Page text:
5. There's So Much To Celebrate: I am currently celebrating finishing the first draft! Woo-hoo...oh wait now I have to go through three more editing hoops. Huzzah (insert weariness here). But that's the great thing about writing/publishing a book. There are so many little triumphs along the way and gigantic ones as well. Like when an agent asks to see your entire manuscript. Or when your sales start rising on Amazon. Invest in champagne people. Invest.

6. Sooner Or Later You'll Hate Looking At That Cover You Love: Ok so just me? I loved the cover for The Clouds Aren't White when it was designed. I love the colors, the way it matches the tone of the book, the dandelion on the spine. Ok I still love the dandelion. But honestly, it'll get old at some point. You'll look at it a lot. A lot a lot. 

7. It'll Propel You On To The Next Book: This goes with #6. I decided I needed a new book in my life and I wanted to get back to the business of writing. So out comes book #2, Lives Paris Took. The old book will always propel you forward. You'll want to dive back into a world again and figure out the characters. That is why the debut novelist has so much going for him/her...they are driven, they want to succeed. It's not all bad.

Keep your head up and keep writing.

Cheers,

Rachael

The Quick Way to Write a Book

The Quick Way to Write a Book

Yes you read that correctly. Because there are obviously 'non-quick' ways to write a book. One of the best ways to drag out the writing process is to let the book go cold. Think of this like a kidnapping, the first twenty-four hours of a kidnapping are crucial. Or in the case of the novel you're trying to write, the first 12 months are key. 

Let's get down to it. You want to write a book. You even have an idea. Let's walk through it.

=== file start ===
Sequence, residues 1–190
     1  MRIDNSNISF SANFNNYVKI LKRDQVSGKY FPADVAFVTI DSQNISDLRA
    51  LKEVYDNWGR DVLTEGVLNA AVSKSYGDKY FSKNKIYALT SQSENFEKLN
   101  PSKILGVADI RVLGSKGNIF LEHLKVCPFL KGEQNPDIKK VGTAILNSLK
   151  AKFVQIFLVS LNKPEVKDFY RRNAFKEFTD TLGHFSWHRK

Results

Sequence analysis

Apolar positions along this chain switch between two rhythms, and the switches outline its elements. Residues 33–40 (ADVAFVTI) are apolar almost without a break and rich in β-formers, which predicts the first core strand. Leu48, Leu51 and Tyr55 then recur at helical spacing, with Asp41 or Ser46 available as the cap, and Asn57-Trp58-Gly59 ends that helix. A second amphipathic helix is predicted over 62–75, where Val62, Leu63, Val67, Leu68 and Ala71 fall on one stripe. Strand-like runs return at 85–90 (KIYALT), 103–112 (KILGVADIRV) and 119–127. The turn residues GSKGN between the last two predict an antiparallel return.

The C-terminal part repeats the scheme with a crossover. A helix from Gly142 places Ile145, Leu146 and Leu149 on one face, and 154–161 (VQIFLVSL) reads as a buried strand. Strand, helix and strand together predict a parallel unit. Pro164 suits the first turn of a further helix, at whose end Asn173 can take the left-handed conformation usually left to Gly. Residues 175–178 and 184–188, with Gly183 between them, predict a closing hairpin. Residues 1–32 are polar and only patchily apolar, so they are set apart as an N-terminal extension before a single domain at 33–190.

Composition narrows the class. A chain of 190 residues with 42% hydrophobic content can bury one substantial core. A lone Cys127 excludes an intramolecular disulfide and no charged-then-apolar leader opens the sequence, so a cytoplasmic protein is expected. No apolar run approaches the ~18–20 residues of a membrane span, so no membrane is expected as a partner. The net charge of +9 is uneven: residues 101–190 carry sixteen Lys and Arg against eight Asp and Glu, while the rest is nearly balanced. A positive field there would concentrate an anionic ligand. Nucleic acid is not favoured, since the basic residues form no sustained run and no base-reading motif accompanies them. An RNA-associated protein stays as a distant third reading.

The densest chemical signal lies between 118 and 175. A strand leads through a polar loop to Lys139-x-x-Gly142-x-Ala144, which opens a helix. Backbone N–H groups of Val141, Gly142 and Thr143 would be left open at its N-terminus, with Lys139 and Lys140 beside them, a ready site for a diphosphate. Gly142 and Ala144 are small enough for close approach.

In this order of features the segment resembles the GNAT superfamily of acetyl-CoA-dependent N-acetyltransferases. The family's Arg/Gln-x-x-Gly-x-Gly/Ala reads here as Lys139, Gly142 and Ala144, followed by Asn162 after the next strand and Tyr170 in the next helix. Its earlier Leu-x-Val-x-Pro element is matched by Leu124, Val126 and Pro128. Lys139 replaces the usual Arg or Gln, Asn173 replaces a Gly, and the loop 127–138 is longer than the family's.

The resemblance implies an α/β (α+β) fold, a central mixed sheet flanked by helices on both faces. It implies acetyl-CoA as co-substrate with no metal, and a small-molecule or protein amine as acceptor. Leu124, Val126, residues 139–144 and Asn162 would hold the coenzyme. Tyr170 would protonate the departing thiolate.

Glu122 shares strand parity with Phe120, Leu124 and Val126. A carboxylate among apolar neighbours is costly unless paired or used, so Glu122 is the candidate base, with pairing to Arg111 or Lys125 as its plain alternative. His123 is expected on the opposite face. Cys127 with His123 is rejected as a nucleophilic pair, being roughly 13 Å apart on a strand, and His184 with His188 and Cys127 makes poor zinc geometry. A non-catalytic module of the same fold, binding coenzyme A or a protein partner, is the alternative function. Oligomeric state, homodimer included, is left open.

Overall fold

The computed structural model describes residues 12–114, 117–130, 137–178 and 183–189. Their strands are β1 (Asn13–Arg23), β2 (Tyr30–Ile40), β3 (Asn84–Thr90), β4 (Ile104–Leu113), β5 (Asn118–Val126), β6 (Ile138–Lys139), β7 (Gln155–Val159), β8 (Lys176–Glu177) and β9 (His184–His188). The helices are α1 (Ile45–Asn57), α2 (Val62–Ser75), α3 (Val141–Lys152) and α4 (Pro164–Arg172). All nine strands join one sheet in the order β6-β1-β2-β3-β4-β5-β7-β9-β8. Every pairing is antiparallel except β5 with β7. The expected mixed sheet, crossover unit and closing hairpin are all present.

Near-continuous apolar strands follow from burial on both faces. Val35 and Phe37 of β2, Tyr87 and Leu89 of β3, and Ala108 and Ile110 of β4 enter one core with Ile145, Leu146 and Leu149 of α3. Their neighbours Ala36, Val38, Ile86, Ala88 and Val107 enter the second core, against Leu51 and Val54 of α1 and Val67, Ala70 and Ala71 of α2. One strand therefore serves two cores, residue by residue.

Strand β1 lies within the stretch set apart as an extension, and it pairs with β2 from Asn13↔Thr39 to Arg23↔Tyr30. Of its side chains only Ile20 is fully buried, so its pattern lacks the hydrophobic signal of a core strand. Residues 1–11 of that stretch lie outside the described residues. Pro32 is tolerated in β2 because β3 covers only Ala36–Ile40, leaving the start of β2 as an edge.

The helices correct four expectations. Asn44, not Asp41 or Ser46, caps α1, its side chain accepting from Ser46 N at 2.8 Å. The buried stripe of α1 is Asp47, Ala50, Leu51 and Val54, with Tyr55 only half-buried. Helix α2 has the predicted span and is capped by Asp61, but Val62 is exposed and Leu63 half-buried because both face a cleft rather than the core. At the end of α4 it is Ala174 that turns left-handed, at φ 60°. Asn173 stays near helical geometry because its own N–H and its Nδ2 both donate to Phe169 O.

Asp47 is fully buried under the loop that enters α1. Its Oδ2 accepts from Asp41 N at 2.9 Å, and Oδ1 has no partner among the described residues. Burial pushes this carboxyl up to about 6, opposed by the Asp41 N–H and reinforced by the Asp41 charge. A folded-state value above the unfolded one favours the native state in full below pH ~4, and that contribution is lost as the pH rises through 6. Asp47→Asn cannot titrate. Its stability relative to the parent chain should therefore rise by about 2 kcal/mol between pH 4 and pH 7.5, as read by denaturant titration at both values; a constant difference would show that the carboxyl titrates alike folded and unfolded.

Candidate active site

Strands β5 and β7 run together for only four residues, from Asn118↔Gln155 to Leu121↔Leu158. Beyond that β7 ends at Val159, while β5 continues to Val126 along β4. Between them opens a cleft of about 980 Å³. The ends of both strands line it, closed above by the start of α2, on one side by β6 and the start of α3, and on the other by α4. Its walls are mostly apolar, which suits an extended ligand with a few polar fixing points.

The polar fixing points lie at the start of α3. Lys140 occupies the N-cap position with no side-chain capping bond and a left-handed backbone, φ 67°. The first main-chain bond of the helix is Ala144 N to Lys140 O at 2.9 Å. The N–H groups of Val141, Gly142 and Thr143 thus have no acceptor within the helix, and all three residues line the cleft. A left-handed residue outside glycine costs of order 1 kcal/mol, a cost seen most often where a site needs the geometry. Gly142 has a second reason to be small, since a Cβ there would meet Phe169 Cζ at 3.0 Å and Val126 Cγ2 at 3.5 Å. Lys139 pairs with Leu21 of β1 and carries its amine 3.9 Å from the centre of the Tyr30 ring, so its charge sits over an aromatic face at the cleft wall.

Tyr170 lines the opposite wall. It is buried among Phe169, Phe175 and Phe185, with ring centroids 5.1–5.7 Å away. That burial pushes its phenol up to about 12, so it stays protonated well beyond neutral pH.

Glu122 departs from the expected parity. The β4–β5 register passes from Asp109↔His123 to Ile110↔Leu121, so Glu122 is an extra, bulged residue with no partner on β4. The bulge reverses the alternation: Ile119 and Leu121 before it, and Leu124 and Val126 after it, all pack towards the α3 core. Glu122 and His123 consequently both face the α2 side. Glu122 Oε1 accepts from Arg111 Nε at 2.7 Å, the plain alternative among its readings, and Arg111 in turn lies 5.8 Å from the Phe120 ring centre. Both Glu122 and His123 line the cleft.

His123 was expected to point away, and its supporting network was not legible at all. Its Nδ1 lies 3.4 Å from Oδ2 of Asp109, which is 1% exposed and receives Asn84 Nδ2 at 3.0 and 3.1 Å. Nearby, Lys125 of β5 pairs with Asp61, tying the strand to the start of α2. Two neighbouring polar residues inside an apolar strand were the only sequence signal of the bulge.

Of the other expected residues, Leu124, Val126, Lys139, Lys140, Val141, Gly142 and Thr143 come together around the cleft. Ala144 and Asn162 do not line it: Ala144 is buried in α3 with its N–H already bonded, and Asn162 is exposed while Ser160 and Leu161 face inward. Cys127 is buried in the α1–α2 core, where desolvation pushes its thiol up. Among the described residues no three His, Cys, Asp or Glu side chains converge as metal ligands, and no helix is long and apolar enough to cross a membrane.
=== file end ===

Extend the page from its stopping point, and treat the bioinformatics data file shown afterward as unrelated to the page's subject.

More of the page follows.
Month 1: Plan, plan, plan. This applies to you whether you're a outliner or not. Try to plan out the ending. You make the writing go by much quicker if you know where its all going.

Month 2: Write, write, write. One of the best ways to get a running start with your novel is National Novel Writing Month, or NaNoWrMo. The goal is to write 50,000 words during the month of November. Not everyone can plan this out so November falls when they are ready to write. But consider doing it. The camaraderie is beyond compare. Suddenly, 1,667 words per day doesn't seem so great. Please don't worry if the whole draft feels like word vomit. 

Month 3: Keep Writing. The entire book won't get finished in one month. Trust me. Finish up. If you finish early, take some time off.

Month 4: Breathe. This may seem counterintuitive to being "quick." But it is essential to recenter yourself on the story. Taking a step back helps you write better.

Month 5: Revise. Large scale edits at this point. Bottom of the pyramid, narration and character development. Make sure your first chapter reflects your last chapter. Make the story come full circle.

Month 6:  Revise plot and story structure. This is one of the most important parts, I feel, of the revision process. Play close attention to plot holes and overblown metaphors, don't let anything detract from your story.

Month 7-8: Send to beta-readers. Find people who are not your friends or family, hopefully other writers that can offer you sincere feedback on your novel.

Month 9: Implement beta readers edits.

Month 10: Edit, edit, edit. Think the top of the pyramid. Grammar, punctuation, spelling. Work hard on this. Polish to a T. If necessary, hire a professional editor.

Month 11-12: Work on query letters. Send to agents. 

Look there it is! The Quick Way to Write a Book. One thing to remember is that 'quick' is relative. You cannot rush the process unless you are an author with a large team behind them, working on edits, building your online platform, etc. Relax in the everyday work.